WILMINGTON, NC (WWAY) – It could cost you more to stop and smell the roses as a new entertainment tax goes into effect in the Tar Heel state.
The state entertainment tax went into effect on January 1st, but Monday night New Hanover County Commissioners took the first steps to implement it in New Hanover County.
“The foundation board of directors has worked very hard these last couple of months to find ways to efficiently implement the 7% sales tax that has been passed down and mandated from the state,” said Beth Dawson.
While the cost of admission at Airlie Gardens will remain $5 for New Hanover County residents, non-resident ticket costs are rising like the flowers they are coming to see, and at least one commissioner isn’t happy about it.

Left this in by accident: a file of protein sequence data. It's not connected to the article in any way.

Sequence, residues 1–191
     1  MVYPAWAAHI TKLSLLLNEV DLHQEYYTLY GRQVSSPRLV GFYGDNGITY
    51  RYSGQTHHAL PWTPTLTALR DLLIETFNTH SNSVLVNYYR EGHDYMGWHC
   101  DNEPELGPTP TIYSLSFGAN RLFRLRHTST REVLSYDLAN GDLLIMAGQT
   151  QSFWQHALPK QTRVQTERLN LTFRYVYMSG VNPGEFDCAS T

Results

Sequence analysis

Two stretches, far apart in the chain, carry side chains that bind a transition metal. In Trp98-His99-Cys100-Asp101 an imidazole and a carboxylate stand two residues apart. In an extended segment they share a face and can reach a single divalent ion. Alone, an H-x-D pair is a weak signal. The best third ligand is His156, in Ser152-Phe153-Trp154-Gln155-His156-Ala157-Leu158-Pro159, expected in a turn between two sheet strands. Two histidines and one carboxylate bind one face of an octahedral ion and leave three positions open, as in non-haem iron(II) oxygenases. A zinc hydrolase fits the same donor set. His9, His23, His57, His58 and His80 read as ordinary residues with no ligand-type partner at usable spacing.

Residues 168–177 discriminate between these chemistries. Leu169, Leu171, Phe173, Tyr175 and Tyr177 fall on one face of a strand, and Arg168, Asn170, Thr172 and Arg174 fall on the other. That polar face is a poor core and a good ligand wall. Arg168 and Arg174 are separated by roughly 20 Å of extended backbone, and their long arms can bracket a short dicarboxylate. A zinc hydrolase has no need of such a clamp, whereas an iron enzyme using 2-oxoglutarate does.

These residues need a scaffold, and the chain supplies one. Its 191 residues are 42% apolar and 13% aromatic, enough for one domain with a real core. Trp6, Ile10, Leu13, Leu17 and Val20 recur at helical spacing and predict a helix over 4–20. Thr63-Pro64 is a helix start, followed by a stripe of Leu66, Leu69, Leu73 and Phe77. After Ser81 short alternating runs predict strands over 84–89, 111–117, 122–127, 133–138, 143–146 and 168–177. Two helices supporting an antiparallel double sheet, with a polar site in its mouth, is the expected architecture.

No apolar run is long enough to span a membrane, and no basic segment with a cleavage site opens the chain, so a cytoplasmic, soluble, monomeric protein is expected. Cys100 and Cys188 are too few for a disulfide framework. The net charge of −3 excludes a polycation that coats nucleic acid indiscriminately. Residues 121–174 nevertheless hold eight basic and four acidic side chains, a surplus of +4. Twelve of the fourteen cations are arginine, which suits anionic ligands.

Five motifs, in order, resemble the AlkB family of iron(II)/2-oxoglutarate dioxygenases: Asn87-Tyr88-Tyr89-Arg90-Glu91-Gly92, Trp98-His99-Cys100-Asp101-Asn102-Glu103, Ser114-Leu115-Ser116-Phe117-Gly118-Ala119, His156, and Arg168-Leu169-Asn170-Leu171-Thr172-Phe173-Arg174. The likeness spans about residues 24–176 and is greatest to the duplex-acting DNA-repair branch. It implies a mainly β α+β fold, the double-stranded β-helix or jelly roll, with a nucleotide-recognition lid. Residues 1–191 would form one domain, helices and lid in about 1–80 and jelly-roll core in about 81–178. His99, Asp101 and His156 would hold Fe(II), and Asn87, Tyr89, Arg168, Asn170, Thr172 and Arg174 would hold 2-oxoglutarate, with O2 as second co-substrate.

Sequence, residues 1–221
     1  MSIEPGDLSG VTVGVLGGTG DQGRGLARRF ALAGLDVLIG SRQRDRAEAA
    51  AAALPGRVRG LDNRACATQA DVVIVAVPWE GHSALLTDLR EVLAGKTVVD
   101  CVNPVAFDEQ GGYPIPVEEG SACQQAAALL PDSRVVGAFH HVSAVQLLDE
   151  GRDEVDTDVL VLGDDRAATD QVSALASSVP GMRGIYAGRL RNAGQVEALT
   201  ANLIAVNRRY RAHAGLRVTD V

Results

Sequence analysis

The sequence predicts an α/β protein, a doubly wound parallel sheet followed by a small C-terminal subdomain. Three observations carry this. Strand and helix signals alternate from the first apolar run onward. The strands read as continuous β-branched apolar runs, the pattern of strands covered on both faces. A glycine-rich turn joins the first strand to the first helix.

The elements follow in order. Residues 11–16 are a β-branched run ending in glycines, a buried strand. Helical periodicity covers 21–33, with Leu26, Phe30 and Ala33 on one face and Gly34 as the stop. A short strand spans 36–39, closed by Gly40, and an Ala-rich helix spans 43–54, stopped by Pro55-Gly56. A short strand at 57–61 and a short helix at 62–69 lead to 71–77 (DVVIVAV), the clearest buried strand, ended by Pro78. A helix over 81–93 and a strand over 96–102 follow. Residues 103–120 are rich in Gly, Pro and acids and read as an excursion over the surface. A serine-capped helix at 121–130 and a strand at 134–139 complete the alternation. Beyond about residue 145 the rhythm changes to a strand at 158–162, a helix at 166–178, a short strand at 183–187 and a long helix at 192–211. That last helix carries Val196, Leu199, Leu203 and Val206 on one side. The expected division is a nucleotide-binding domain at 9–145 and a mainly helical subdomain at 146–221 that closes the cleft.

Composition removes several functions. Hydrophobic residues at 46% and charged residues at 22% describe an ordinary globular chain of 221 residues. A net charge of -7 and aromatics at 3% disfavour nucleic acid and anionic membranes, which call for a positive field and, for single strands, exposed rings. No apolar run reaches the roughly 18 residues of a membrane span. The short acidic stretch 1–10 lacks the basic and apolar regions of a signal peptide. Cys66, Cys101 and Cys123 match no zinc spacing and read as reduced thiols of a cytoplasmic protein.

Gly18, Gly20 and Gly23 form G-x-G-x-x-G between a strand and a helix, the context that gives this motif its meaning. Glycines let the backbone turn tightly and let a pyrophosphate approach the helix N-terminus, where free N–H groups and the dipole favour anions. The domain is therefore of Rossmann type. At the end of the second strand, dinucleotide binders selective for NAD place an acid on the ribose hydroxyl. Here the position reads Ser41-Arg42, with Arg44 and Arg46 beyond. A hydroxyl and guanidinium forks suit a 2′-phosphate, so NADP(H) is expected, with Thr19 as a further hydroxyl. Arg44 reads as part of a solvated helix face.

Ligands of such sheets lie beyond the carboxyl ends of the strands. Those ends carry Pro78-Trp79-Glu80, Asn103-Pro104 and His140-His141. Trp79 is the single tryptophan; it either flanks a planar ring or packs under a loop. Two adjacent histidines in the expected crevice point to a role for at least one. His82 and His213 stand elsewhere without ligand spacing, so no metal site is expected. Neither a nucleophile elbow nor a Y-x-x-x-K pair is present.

“For me it’s pretty much a money grab from the state government trying to find ways to increase their budget as they’ve done tax reform across the state,” said Jonathan Barfield. “It’s really going to hit a lot of non-profits and governmental entities throughout the state except for the state government itself.”
According to Commissioner Barfield the tax is unfair since the state run facilities are exempt, and it shifts the burden to collect on local government.
“They’re trying to find way to nickel and dime counties and cities to increase their budget but at the same time it’s costing the local tax payers here money and I don’t agree with that,” said Barfield.
“All across the state our other organizations will be feeling this impact,” said Dawson. “Our arts and theatre communities will be looking for efficient ways to handle this with the least impact on our citizens.”
Chairman Woody White added a stipulation that the county reconsider the higher rates if the legislature offers a tax exemption for local governments.